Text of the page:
In the Diplomatic Quarter there are park-like green garden areas  with tranquil walkways. It’s one of the few places you can get outside and walk around (there aren’t really public parks like you are probably used to in your home country in Riyadh, in large part because green spaces are not a part of the culture, and because it’s often so hot people stay indoors if they can).

Some people go for runs along the small roads winding through the quarter, a much nicer alternative to the crowded roadways. Well, it really isn’t an option for women to go running outside except in this area since you are required to wear and abaya an hijab (except not inside the Quarter). However, I heard from some female friends that you still need to dress very conservatively to avoid unwanted attention from passing cars who are not used to the sight of women jogging.

There is a gym where women can go, one of the few gyms in Riyadh open to women, and it has a pool.

The Quarter also has a post office and at least one cafe.

Since there are no bars, no nightclubs, no dance clubs no cinemas, the Diplomatic Quarter can be one of the best ways to fulfill your social needs outside your house or building complex while ‘stationed’ in Riyadh.

Monday, July 8, 2013

Best Advice About Saudi Arabia: Get a Cell Phone!

Put getting a cell phone at the top of the list of things to do to help you get settled in.

Saudi Arabians use text messaging, and phone each other constantly. They use their smartphones and Blackberries all the time. You’ll soon discover it’s easiest if you do too.

In case you are wondering, Saudi Arabia does not have public phones  as you may be used to, or phone books and public directories as we know it, and wifi coverage is spotty.
I suggest that you start making a list of important numbers and personal contacts as soon as you arrive.  Better yet, look up a lot of phone numbers before you even arrive in  Saudi Arabia, so you have numbers to add to your contacts immediately and can start living rather than just planning for it.

  • the recruiting company`s phone number(s) / employer`s contact info
  • best hospitals for foreigners (check online forums before you arrive in Saudi Arabia)
  • travel agencies that work within Saudi Arabia (look online before you arrive)
  • airlines and charter companies (access to the internet is not easy or reliable)
  • your country`s embassy number (the local number)
  • international phone numbers for calling your people back home (on speed dial)
Note: Most phones come with pre-programmed emergency numbers ( fire, ambulance , police), but you need to speak Arabic to use these services.  Don`t expect the people to answer to speak English.

Also,don`t count on being able to use Skype when you want to.  Access to the Internet is not as reliable as in a lot of other countries, and Skype needs a lot of bandwidth, so calls often cut off half way through.  The situation is compounded for women since they are usually allowed to use cyber cafes, and it’s hard to find cyber cafes anyway. 

Expecting to be able to look up information online about stores is problematic for a few reasons in addition to unpredictable Internet connections. Many stores have websites only in Arabic, if they have a website at all, and they are not always organized out as 'westerners' are used to. As a result, you can spend a lot of time hunting online for the information you need on the English versions of websites. It`s usually better to phone to find out store hours, their location, and other details.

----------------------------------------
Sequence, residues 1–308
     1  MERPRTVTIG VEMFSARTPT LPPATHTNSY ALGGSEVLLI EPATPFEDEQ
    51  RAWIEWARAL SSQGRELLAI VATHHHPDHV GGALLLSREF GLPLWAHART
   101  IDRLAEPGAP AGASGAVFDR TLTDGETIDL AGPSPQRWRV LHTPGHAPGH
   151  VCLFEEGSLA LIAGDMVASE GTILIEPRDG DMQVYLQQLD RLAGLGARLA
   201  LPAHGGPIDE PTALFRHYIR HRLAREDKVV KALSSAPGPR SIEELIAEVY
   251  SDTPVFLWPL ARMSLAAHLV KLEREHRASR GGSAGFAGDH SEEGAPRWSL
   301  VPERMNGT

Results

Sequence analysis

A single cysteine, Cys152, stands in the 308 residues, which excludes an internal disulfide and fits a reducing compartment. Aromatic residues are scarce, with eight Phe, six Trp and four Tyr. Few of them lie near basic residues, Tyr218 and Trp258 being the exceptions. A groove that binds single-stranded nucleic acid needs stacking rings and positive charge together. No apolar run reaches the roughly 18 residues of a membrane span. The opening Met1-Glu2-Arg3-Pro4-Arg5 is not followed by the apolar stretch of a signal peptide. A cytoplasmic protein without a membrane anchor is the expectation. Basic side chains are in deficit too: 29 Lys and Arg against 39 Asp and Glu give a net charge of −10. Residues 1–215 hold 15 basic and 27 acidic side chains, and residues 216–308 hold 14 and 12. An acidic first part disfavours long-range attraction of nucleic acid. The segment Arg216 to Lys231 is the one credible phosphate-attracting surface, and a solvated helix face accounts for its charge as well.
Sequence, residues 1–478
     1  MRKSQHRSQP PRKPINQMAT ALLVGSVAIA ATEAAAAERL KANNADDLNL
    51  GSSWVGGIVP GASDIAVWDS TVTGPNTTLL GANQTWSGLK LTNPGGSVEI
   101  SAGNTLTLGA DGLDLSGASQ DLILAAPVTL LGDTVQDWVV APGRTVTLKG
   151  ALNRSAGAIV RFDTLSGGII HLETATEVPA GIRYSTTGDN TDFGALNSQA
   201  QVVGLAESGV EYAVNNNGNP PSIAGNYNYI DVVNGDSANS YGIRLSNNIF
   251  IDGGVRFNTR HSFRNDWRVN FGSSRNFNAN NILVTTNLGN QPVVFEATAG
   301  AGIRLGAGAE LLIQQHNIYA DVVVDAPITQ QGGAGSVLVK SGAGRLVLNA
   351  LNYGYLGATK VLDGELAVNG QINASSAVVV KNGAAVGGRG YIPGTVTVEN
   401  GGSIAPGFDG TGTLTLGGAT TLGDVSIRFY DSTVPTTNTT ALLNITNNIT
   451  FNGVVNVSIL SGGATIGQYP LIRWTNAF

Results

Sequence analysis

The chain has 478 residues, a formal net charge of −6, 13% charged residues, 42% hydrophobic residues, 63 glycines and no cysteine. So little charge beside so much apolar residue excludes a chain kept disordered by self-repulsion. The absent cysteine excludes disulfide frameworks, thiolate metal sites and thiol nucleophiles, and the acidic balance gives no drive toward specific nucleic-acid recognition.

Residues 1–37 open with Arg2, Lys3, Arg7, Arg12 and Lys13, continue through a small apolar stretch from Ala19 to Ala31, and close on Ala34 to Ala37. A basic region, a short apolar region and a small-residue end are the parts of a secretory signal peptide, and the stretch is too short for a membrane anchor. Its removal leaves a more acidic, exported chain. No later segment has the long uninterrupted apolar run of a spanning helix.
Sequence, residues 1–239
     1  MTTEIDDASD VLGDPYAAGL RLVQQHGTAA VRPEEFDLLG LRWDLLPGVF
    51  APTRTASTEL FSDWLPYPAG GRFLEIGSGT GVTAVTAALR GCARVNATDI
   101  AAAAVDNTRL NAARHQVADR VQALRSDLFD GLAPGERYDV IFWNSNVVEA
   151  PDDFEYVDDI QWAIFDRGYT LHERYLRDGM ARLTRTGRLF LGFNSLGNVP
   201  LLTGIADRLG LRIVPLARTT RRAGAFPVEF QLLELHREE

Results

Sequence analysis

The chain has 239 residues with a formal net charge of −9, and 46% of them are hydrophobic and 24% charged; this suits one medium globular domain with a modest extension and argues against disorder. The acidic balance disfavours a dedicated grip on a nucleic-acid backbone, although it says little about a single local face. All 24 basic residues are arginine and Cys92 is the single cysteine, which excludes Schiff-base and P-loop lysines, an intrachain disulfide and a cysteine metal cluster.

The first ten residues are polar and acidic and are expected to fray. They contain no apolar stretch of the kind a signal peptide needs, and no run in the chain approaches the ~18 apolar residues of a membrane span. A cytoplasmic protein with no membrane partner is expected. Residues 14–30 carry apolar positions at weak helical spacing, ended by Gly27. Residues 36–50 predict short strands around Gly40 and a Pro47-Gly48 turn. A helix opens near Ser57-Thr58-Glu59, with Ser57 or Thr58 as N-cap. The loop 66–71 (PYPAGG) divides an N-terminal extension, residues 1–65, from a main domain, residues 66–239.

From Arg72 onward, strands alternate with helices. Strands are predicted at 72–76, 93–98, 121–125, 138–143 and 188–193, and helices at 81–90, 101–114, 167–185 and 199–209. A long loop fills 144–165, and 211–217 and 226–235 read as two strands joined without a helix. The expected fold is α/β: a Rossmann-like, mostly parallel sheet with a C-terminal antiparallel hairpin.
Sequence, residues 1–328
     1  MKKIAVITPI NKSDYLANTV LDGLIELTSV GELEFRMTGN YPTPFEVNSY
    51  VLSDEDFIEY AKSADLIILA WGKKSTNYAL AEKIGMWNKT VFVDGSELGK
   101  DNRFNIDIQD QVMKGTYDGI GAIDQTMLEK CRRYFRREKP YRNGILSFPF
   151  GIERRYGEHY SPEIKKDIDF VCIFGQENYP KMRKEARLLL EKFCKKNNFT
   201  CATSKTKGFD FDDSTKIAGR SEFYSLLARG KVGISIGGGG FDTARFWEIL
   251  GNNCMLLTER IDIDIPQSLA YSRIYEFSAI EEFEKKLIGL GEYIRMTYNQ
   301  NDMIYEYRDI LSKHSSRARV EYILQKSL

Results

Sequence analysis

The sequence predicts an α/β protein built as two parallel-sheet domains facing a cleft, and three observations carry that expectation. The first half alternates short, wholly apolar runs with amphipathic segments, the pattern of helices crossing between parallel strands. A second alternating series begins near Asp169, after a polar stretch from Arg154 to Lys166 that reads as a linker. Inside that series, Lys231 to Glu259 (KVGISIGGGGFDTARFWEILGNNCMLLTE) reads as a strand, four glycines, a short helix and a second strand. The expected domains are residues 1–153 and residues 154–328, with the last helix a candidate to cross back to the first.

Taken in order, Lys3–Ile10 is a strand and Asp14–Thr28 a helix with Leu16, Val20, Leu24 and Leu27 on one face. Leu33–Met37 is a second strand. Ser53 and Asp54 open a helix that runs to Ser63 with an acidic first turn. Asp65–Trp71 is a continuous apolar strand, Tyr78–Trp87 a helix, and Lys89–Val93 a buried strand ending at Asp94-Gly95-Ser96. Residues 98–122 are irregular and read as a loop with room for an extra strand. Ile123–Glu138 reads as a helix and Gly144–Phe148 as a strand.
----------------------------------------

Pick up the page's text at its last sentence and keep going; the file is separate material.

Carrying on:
Travel guide books are a great source of useful phone numbers and location information. Check that they are still in service, though. 


To get a cell phone is not hard. Just go to the nearest mall. They all have kiosks that sell phones. So do the major supermarkets like Carrefour. Bring your passport with you as they will check your VISA stamp and ID. To get an internet data plan, you will an Iqaama, or someone with one to sign for you.

Ask around to find out the best local company with the best coverage to go with. There are some big differences in the quality of service between and among cell phone companies.

'Pay as you go' minute packages are a good way to start until you see what your usage is going to be on average per month and  are ready to get an internet data plan. Most supermarkets sell plastic 'credit cards' on the stands right by the check out counter(s). 

Pick a cell phone company that is well known, even if it is not the cheapest. I made the mistake of going with a less popular company because there was a special offer and a bit cheaper, and thereafter could rarely find places that sold the phone minute cards I needed, let alone in the denominations I wanted, and the service area coverage wasn`t as reliable or extensive as with other companies.

  • numbers of  punctual and trustworthy taxi drivers that speak English well (ask around; they are hard to find on your own, and can save you countless hours of driving around in circles trying to find places and explain where you want to go) 
  • number of your apartment's general manager or hotel reception( if they speak English)
  • hair dressers (usually they are located in compounds and malls)
  • numbers of other foreigners (get them in your  cell phone contacts list even if you don`t expect to become best buddies-- it's handy to have a wide range of contacts and people to phone and ask questions on any number of topics in this verbally based economy).
  • numbers of restaurants with delivery service that you expect to use often (handy when you are hot and tired and don't want to spend your energy looking hard for meal options)